Egypt. Between Crisis and Ambition.

The country is trying everything to recover from the deep economic crisis deriving, first, from the Covid-19 pandemic, then from the continuation of the Russian-Ukrainian war, and is also trying to strengthen its international relations.

The Covid-19 pandemic, first, and then the outbreak of the Russo-Ukrainian war, is having a strong impact on Cairo’s economy, whose inflation rate reached 33.9% on an annual basis in May, a new record in the African country since the beginning of registrations, compared to 12.1% in the same period of 2022, due to the increase in food prices.Egypt’s official statistical agency CAPMAS attributed the price increase to food groups, especially cereals and bread (6.5%), meat and poultry (5%), fish and seafood (4.9%), cheese and dairy products and eggs (2.5%), fruit (6.2%) and coffee, tea and cocoa (4.4%). “The general consumer price index (CPI) for the whole of the Republic reached 165.5 points in March, registering an increase of 3.2 points compared to February 2023,” CAPMAS said in a statement.

At the end of March, the Egyptian central bank decided to increase interest rates by 200 basis points, or two percentage points, bringing them to 18.75%, in an attempt to counter rising inflation in the African country. In light of these data, an external helping hand seemed to be required to limit the effects of the economic crisis on the population. Some basic help came from the International Monetary Fund (IMF), which in December 2022 granted a loan of 3 billion dollars to revive the Egyptian economy and limit the growth of public debt.
The IMF’s goal was also to channel towards the North African country a total of 14 billion dollars from regional and international partners in the near future. This help, however, did not come without conditions. In fact, the IMF wants Egypt to grant more room for movement to the private sector, reducing the influence of the army in economic matters.

Abdel Fattah Saeed Hussein Khalil al-Sisi, president of Egypt since 2014. CC BY-SA 4.0/M.amer

For his part, Egyptian president al-Sisi is also trying to develop new policies to revive the country. From the beginning of April, in fact, increases in pensions and salaries should apply, while, with the approval of the economic plan for the 2023-2024 fiscal year, the Ministry of Finance has foreseen a 28% increase in funds allocated to social benefits, compared to 17% in the last fiscal year. On the other hand, the government has not given up on a series of expensive mega-projects. It is estimated that the construction of the “New Administrative Capital”, where all the administrative offices of the Government will be moved, will cost about 59 billion dollars, while, at the same time, the construction of the new high-speed railway line continues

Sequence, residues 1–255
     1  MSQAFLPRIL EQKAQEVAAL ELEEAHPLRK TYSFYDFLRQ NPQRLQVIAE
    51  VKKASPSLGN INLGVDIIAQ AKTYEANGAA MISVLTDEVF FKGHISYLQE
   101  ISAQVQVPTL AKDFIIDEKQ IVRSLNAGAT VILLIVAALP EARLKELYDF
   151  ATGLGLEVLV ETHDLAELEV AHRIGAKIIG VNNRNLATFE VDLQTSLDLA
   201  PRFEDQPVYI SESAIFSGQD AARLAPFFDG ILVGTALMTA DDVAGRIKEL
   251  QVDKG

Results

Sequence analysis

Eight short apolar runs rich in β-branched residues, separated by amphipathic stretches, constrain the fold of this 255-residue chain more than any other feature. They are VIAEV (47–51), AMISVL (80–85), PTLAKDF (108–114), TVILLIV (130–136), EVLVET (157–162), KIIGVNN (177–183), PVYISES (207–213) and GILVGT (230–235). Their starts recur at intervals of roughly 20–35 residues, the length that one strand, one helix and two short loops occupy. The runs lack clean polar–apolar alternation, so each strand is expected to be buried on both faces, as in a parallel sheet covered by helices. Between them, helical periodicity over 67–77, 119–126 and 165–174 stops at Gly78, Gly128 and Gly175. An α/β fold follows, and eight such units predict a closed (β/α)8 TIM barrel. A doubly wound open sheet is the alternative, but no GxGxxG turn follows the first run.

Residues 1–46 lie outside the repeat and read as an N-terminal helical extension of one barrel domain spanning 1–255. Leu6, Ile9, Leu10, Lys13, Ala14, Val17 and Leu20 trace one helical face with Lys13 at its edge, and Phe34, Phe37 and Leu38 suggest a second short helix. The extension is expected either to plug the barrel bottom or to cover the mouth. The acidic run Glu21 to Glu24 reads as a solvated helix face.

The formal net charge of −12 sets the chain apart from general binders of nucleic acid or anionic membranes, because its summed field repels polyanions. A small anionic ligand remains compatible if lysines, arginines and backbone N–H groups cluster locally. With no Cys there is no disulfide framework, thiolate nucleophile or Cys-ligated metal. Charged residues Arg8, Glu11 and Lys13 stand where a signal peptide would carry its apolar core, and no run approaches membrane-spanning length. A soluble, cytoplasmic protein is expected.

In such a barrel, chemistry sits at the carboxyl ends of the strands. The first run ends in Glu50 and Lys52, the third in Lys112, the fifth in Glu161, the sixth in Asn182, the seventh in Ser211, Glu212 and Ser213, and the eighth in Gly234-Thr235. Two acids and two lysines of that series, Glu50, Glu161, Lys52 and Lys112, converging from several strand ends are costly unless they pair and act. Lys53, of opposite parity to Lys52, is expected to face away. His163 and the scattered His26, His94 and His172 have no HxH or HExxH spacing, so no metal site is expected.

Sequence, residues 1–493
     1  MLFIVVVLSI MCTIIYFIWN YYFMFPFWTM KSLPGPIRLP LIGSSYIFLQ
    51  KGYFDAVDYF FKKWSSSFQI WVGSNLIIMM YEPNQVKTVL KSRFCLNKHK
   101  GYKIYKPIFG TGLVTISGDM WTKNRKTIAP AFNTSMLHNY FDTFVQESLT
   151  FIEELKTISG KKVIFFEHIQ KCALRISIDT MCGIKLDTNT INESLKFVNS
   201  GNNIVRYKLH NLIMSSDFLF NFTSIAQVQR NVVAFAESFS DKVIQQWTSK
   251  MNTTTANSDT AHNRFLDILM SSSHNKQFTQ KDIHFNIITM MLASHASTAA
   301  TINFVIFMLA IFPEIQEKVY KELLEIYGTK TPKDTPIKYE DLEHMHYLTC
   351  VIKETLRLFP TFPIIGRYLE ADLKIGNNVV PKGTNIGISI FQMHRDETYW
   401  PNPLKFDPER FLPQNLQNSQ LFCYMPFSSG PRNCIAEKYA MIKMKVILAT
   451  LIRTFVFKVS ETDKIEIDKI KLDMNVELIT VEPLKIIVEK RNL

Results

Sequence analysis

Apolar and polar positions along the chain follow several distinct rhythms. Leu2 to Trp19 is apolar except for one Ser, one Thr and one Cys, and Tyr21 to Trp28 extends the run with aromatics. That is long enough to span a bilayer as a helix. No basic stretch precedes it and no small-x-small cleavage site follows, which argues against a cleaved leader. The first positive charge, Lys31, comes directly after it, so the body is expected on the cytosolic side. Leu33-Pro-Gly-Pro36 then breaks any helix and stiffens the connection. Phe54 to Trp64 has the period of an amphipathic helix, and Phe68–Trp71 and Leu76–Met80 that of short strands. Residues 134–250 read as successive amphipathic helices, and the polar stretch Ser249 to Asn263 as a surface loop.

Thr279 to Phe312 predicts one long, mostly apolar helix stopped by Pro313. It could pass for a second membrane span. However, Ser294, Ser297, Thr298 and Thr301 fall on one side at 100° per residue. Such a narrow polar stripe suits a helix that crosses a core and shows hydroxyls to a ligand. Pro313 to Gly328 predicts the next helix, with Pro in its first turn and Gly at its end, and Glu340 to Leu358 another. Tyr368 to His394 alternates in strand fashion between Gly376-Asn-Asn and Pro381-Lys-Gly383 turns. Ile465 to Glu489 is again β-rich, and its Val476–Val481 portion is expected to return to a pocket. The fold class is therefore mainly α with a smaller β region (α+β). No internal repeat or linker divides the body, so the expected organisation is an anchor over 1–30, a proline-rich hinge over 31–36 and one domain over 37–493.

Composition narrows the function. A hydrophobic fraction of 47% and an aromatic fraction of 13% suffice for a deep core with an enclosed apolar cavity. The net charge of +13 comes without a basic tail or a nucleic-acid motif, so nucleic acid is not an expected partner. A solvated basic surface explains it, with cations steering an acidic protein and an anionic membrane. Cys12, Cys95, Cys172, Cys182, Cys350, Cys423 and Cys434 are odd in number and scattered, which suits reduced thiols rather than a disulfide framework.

Al-Sisi is also trying to exploit foreign relations to his advantage, first of all, those with the European Union. Since 2016, the Egyptian government has begun to block all ships leaving for Europe used to transport migrants. The launch of this cooperation provided for funding of around 11 million euros in favour of Cairo, which is why a meeting was held at the end of March 2023 between the Vice-President of the European Commission, Schinas, and the Minister of Egyptian Foreign Affairs, Shoukry, with the aim both of strengthening diplomacy between the countries, as well as economic cooperation between the EU and Egypt, through a series of projects related to energy supply with the northern Mediterranean countries, counter-terrorism and food security.

Again, with this in mind, at the end of March, Brussels and Cairo signed an agreement which provides for the allocation of 40 million Euro to guarantee food security in Egypt. Around the same time, al-Sisi decided to join the BRICS’ New Development Bank, which will allow him to get around the problem of obtaining US dollars for imports, as the members of the latter use their own currency for trade. To this end, rapprochement with Turkey with which the restoration of full formal relations is essential, seems imminent. With this new approach, the Egyptian government would obtain great benefits in commercial terms. Turkish companies, in fact, have allegedly undertaken to make investments worth 50 million dollars on Egyptian soil, a considerable factor, given, among other things, Cairo’s need to acquire foreign currency, which it lacks.

Alessia Mazzaferro/Cgp



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